"Quietly on the side, people at liberal arts colleges are telling me that they're doing a little bit of informal affirmative action for men," if only adding athletic programs to attract them, he says.

More dramatically apparent is the fact that women nationally are now earning at least 130,000 more bachelor's degrees every year than are men. At some point in the future, this phenomenon could translate into a population in which women are substantially better educated than men.

The trend portends, for one thing, a shrinking "mating pool" for those educated women, Mr. Geary says. This is because "when women decide to get married, their preference is to marry men who are a little older or in a position where they will make more money and be upwardly socially mobile."

He foresees that "the competition for the men who are going to do very well will be very intense." Options for women who lose out, he says, will be to marry men of lesser attainments and prospects than their own or not marry at all.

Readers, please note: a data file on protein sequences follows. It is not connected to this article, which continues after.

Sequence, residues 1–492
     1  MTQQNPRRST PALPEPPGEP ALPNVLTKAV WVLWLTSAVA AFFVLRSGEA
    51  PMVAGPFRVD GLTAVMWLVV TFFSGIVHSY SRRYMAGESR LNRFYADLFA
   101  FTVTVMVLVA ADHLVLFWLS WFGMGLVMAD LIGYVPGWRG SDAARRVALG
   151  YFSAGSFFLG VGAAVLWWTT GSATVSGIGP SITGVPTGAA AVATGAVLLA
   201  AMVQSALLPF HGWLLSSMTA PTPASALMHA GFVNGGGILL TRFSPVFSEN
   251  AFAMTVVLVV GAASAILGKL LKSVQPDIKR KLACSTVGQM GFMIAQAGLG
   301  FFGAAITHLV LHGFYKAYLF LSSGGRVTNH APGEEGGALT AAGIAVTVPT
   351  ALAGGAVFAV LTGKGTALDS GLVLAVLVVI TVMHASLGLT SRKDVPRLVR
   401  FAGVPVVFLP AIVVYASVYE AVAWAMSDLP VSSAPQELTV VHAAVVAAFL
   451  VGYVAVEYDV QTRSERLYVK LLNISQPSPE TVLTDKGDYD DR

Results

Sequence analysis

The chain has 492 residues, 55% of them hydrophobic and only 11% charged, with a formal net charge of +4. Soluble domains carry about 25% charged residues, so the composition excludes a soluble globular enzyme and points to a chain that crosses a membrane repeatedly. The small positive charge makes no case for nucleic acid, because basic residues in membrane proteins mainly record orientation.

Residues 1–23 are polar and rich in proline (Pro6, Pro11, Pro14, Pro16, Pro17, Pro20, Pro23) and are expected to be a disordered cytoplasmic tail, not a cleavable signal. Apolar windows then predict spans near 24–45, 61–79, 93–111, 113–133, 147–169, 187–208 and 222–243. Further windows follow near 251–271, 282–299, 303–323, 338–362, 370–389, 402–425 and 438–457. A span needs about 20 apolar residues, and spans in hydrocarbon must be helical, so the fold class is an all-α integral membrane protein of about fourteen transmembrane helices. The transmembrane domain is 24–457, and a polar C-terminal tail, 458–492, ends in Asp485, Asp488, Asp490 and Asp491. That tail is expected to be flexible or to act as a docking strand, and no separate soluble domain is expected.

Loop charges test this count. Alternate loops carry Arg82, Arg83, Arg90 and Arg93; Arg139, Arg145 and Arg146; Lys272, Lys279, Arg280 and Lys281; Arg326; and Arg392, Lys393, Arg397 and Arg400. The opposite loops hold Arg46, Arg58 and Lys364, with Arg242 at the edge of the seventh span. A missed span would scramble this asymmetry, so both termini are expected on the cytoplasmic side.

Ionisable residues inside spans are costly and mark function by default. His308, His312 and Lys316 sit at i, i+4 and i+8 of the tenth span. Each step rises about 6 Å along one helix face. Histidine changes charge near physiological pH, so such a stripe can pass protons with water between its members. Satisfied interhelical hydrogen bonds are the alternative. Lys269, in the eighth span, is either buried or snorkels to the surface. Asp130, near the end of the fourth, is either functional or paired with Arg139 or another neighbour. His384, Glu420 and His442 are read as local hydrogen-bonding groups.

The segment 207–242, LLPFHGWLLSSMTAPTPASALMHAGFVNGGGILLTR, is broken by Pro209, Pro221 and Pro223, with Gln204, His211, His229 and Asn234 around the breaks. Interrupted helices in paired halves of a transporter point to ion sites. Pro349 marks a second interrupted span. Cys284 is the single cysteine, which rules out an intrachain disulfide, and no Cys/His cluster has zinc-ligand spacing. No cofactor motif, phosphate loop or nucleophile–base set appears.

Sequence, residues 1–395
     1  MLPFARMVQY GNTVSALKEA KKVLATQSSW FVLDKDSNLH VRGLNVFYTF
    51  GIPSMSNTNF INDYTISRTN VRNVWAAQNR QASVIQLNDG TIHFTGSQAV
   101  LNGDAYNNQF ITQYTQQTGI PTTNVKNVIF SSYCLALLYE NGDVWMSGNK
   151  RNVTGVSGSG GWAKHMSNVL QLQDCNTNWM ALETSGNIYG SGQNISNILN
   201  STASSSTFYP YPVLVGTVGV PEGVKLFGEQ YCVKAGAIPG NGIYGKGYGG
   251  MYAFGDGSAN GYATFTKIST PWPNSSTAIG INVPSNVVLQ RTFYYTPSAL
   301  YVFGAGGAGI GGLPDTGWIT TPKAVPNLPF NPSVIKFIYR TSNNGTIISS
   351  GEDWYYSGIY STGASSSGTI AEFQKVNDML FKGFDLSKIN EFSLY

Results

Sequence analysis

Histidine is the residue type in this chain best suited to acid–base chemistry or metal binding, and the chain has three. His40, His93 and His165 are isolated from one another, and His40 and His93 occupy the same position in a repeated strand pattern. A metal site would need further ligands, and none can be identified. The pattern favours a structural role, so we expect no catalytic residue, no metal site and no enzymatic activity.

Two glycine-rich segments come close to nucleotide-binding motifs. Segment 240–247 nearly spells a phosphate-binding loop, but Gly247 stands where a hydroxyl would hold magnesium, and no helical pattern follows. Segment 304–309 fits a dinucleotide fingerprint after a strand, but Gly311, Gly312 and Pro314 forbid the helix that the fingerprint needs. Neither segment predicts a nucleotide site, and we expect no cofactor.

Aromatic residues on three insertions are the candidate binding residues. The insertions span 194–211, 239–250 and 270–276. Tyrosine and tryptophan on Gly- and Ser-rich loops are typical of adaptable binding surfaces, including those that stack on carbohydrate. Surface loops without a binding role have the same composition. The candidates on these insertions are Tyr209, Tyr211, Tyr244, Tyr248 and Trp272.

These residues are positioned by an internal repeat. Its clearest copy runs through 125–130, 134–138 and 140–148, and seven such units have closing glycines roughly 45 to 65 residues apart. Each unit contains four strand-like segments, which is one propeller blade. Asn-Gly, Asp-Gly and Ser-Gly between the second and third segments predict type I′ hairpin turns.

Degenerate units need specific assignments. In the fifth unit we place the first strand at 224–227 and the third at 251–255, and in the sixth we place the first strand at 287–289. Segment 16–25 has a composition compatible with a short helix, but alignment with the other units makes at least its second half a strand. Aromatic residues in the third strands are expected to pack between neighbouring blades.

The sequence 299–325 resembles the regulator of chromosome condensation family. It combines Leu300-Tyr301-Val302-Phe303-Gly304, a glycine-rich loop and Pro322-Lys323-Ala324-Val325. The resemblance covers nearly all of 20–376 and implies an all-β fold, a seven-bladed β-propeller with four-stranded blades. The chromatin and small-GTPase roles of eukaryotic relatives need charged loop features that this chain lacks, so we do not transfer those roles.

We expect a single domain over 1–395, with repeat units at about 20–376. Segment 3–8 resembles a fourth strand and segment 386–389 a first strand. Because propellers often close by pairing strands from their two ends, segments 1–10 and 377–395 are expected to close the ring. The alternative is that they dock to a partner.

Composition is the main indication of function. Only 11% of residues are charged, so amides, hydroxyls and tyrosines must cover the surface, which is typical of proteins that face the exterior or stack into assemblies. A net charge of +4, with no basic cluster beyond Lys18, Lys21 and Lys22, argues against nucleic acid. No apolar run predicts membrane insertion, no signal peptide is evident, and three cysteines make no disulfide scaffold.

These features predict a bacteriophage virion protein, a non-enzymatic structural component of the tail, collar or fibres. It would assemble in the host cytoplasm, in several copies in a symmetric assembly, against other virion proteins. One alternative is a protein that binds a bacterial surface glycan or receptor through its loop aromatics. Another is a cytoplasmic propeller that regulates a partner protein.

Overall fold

Mr. Geary also predicts that educated women who marry will have fewer children and that some who don't marry will have children regardless.

"The more women have access to resources, the less, really, they need men to raise their kids," he says.

But education doesn't necessarily translate into economic prowess. As Mr. Geary points out, it's possible in today's high-tech economy for men without college education to get into highly paid technical jobs.

Meanwhile, college women still get more degrees in the social sciences and liberal arts. This keeps them in lower-paying jobs, says Ray Hilgert, professor of management and industrial relations at Washington University.

Even in business, women go into finance, accounting and human resources rather than sales, marketing and manufacturing, which offer better, quicker paths to the top. He calls this "the glass wall" effect, self-imposed and compounded when women have children and decide to drop out of the work force, even temporarily.

Mr. Hilgert also believes in the "glass ceiling."

"There's a certain amount of male dominance that's there, and anybody who says there isn't, isn't being honest about it," he says.

• Distributed by Scripps Howard.